Income support programs do more than reduce income inequality—they also save lives and promote health equity

12.14.2020
Commentary
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To help people make ends meet, the United States offers a set of income supports for families with low-incomes, children, seniors and people with disabilities. Recent research from Policies for Action found these income support programs do more than reduce income inequality—they also save lives and promote health equity, particularly for women and children.  Key findings:

  • Increasing both the minimum wage and the Earned Income Tax Credit (EITC) by 10% would likely prevent over 700 suicides each year. 
  • Increased childhood exposure to the EITC is associated with improved self-reported health and reduced obesity rates in adulthood. 
  • A $1,000 increase in the maximum available EITC is associated with a 4% - 4.7% reduction in the likelihood of mothers reporting poor mental health days in the past month. 
  • A $1 increase in the minimum wage over the first five years of life is associated with a 10% increase in the probability the child is in excellent health. 
  • Supplemental Security Income (SSI) had a positive impact on the health of children with disabilities and reduced Medicaid costs. It resulted in 30 percent lower Medicaid expenditures through age 8.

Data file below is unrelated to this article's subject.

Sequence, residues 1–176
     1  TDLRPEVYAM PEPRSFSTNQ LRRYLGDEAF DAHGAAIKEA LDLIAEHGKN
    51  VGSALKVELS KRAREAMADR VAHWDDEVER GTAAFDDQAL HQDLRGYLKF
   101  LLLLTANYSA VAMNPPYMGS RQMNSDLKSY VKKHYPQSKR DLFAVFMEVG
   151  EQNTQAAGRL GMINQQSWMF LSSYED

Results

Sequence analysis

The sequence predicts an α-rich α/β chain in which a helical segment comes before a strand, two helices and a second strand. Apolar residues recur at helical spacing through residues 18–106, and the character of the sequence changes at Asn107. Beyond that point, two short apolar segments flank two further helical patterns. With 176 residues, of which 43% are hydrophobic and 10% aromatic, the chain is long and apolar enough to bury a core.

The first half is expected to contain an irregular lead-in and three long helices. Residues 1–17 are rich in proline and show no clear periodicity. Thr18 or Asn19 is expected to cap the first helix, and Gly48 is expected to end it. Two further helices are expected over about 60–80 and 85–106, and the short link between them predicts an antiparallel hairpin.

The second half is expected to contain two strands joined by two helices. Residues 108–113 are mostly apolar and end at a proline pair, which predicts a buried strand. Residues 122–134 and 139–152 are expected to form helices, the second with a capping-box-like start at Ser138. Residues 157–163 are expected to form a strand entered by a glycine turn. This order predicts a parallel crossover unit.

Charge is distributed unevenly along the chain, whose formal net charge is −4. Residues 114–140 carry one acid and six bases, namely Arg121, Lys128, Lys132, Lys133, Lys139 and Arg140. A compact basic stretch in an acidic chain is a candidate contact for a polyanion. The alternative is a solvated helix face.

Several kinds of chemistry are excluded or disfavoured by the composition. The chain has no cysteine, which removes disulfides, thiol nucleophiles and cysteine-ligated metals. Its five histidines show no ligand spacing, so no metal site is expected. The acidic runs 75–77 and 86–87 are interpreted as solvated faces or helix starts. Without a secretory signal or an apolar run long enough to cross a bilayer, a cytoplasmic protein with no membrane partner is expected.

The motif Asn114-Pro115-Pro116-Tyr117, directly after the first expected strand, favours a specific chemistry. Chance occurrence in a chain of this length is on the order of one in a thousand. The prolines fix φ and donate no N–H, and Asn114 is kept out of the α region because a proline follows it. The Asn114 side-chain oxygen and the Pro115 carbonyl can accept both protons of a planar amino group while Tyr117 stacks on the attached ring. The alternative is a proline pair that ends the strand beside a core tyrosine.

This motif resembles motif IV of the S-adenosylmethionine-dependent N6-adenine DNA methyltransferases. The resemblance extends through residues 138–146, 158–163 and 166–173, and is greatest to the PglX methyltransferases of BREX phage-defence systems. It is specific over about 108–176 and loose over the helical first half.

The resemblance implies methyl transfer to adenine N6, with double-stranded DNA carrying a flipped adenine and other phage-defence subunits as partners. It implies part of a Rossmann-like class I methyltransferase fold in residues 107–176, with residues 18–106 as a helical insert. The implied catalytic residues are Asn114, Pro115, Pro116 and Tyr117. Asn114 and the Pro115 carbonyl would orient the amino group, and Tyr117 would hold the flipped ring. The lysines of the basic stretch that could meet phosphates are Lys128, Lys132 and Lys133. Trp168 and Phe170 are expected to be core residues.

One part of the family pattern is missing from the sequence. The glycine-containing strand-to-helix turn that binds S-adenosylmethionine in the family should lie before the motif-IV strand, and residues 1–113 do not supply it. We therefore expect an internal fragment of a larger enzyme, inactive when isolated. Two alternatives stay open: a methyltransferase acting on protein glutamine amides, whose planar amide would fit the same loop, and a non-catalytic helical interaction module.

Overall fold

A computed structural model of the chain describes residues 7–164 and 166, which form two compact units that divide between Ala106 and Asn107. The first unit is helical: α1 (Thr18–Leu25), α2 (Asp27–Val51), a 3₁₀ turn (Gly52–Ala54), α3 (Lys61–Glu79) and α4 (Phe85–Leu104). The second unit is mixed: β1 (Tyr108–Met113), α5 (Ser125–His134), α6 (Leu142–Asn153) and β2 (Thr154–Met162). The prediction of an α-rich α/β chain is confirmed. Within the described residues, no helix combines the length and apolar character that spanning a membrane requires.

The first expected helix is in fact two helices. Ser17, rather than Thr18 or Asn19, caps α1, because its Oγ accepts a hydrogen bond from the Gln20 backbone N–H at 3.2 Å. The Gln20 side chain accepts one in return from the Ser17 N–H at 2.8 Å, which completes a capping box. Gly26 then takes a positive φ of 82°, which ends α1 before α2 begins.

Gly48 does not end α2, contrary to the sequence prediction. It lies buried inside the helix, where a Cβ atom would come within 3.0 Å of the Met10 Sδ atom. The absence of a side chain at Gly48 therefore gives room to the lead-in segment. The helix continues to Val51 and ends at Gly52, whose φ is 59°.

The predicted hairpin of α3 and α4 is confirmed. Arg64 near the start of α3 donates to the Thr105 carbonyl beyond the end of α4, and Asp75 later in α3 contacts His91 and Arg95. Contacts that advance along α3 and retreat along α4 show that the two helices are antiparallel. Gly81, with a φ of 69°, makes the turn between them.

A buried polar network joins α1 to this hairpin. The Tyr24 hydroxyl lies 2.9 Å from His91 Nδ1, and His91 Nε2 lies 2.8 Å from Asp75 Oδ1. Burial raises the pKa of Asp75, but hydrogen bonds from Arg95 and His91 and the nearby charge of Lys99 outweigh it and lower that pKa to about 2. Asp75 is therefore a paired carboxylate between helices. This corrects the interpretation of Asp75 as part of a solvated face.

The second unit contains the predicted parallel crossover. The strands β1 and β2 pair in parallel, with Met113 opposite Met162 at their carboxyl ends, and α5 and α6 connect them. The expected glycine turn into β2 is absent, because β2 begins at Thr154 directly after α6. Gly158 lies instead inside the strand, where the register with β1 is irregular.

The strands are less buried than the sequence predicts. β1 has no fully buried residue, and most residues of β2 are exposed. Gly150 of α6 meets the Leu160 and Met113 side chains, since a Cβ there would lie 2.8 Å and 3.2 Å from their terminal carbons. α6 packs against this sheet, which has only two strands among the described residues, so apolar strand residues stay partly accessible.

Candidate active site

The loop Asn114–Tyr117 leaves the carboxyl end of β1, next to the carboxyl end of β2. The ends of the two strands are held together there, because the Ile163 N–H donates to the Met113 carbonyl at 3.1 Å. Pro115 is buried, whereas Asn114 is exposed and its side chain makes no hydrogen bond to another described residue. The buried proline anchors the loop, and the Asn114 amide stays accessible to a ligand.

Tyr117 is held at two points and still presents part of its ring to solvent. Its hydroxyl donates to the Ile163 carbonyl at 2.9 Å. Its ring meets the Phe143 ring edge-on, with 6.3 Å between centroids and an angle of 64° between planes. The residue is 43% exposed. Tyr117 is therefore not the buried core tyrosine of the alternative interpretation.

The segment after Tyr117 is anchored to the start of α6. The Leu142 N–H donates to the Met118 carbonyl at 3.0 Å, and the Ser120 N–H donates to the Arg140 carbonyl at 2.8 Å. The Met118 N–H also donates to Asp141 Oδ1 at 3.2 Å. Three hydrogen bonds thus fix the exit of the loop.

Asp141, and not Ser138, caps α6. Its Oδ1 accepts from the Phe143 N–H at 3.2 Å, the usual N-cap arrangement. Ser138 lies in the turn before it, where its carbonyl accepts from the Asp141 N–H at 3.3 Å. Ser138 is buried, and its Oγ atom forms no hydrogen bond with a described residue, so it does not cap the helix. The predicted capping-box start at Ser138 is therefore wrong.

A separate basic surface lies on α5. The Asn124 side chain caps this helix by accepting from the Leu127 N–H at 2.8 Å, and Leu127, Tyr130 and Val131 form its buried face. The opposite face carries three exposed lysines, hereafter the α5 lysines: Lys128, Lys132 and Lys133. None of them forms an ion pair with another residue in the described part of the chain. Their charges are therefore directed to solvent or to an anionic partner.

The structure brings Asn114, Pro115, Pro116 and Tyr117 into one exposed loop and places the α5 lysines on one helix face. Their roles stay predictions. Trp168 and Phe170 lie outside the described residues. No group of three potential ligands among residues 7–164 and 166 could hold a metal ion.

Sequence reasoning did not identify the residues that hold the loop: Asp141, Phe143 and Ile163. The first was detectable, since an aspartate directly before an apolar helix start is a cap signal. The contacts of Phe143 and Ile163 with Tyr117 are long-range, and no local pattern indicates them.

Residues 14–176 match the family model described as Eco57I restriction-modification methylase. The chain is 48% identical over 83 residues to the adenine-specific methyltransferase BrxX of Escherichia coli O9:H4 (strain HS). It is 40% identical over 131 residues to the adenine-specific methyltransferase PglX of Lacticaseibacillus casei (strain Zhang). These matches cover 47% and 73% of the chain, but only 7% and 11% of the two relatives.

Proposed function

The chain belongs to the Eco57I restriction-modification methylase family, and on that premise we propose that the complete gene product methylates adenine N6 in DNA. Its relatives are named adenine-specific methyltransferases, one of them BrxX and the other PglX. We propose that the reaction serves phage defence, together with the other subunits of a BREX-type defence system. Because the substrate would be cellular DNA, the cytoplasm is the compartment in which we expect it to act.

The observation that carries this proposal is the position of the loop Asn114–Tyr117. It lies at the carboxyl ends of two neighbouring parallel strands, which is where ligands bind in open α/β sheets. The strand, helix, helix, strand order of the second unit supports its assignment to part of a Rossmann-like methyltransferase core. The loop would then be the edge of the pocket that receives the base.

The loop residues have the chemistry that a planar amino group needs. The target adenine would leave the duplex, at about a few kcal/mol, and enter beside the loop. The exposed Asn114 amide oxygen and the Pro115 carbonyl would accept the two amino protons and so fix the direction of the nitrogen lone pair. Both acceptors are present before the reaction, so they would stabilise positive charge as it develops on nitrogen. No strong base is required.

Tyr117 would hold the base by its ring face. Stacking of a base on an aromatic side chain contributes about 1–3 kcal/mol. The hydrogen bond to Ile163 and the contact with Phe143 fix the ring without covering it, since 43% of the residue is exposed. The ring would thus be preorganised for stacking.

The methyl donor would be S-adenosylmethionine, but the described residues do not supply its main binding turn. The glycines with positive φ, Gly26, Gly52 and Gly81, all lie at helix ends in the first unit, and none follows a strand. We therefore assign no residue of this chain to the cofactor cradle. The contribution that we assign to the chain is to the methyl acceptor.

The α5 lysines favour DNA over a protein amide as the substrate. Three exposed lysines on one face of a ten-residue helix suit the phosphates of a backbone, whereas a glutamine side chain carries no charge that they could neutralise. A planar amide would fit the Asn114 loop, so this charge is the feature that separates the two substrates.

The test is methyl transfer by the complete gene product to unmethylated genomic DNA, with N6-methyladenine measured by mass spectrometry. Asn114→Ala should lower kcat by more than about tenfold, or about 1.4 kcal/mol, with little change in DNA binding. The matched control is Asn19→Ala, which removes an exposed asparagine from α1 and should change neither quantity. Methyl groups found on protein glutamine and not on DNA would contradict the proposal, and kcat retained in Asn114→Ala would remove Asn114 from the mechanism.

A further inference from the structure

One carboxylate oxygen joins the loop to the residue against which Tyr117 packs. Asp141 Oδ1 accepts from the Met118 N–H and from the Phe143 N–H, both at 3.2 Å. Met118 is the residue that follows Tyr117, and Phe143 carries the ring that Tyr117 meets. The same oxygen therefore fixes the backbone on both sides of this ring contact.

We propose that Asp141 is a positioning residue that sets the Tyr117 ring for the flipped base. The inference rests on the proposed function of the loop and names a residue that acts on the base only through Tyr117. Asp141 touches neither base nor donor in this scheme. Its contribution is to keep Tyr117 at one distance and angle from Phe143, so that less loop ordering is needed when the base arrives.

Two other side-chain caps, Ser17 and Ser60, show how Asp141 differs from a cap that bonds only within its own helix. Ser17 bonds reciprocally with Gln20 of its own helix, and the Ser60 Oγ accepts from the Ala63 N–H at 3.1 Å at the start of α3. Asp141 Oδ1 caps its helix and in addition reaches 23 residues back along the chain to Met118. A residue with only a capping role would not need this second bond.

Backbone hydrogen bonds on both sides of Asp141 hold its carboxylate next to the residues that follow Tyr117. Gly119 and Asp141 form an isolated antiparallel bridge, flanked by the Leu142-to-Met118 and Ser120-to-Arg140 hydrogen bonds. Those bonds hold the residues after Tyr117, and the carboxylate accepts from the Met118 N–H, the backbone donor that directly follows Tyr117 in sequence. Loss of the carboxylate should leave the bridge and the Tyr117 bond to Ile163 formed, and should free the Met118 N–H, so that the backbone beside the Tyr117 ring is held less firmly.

As the country responds to the pandemic-driven recession, this research provides the needed evidence to ensure income support policies are preserved and expanded to both increase income and improve health equity and well-being.

Read More About the Research:

Can Economic Policies Reduce Deaths of Despair?
Principal Investigator: 
William H. DowUniversity of California, Berkeley

Credit Where It's Due: Investigating Pathways from EITC Expansion to Maternal Mental Health
Principal Investigators:
Lisa DubayUrban Institute
Laudan AronUrban Institute

Effects of Minimum Wage on Child Health
Principal Investigators:
George WehbyDepartment of Health Management and Policy, University of Iowa
Robert KaestnerHarris School of Public Policy, University of Chicago

The Long-term Effects of Childhood Exposures to the Earned Income Tax Credit on Health Outcomes
Principal Investigators:
Lisa DubayUrban Institute
Laudan AronUrban Institute 

The Effects of Income on Children's Health: Evidence from Supplemental Security Income Eligibility Under NY State Medicaid
Principal Investigator:
Sherry GliedNew York University, Robert F. Wagner Graduate School of Public Service

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